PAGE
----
Two-year-old Adalynn Grace Rogers was born with a congenital heart defect known as Hypoplastic Left Heart Syndrome or HLHS. She died in the presence of her family waiting for a heart donor. Her tragic final moments were captured on camera as part of photographer Suha Dabit’s project, “World of Broken Hearts.”
The parents of Adalynn Grace, Justin and Kristi, agreed to make the photos public to raise awareness for children with congenital heart defects. According to the Children’s Heart Foundation, 1 in 100 babies in the United States is born with a congenital heart defect, and approximately 25% of them require surgery to survive.
Adalynn’s mother posted to her Facebook page: “’I don’t think I can even put into words how that felt, or how numb, broken and empty I feel now. It all still feels like a horrible nightmare I won’t ever wake up from.” She continued, “I miss her. I miss her voice and her ability to make me smile every time I looked at her.”
Kristi stated in an interview with TODAY that she and her husband were not planning on sharing the photos of their dying two-year-old, but that they believed the images could make a positive difference. “After I saw them I thought it could help more people than I could ever have imagined,” she said.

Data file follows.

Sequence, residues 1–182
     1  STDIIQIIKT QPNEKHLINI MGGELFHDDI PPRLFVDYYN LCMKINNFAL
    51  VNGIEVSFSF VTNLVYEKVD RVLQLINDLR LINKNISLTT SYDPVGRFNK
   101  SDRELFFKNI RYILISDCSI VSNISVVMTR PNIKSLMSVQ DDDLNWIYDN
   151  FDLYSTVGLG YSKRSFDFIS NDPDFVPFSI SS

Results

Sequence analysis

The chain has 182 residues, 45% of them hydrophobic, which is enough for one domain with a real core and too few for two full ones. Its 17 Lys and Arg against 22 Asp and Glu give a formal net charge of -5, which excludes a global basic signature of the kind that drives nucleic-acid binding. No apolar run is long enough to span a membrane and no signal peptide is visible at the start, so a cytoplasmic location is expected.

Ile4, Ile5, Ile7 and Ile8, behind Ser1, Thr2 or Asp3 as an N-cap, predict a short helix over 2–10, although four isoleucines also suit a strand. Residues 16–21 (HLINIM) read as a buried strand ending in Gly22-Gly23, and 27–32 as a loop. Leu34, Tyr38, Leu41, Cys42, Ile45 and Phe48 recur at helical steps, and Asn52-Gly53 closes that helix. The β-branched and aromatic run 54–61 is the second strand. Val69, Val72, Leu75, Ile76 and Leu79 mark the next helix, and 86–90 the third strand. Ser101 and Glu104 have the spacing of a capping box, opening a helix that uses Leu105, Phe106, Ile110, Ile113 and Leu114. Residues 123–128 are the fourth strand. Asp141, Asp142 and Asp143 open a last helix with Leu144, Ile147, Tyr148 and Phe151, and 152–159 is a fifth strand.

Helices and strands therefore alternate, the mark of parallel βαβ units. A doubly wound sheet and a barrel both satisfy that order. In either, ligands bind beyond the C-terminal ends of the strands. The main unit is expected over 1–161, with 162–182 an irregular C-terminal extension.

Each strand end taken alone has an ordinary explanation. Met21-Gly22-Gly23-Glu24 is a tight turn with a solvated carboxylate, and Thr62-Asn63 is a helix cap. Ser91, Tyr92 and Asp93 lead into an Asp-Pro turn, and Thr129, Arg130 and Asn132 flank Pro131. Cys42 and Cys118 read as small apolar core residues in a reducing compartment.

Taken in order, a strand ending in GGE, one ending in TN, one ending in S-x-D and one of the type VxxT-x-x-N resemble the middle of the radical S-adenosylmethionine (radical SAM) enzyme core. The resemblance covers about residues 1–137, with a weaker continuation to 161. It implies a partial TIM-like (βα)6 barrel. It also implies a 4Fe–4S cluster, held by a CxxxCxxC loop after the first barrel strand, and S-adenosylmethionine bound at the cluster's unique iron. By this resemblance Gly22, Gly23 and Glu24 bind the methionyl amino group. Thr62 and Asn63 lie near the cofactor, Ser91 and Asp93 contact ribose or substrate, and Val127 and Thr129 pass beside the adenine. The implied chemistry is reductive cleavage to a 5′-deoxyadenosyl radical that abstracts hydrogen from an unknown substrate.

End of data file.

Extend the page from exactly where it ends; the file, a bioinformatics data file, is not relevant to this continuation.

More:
Kristi was made aware of Adalynn’s condition when she was 32 weeks pregnant. Hypoplastic Left Heart Syndrome results in only one of the baby’s heart chambers being developed enough to pump blood through the body. Adalynn Grace had her first heart surgery two days after she was born, and her second five months later.
Photographer Suha Dabit was enlisted at the suggestion of a social worker. Regarding the photos of the two-year-old’s final moments, she told TODAY in an email: “I witnessed the agony in a mother’s eyes of not wanting to let go of her precious daughter, but loved her so very much she couldn’t bear seeing her suffer any longer either.”
The Rogers family set up a fundraising page in Adalynn’s name for other children with congenital heart defects. The page was publicized with the hashtag #addystrong. It has raised more than $10,000 to help fund research for CHD’s. Kristi wrote on her Facebook page “I want to thank everyone for the support and love we’ve received during this time.”
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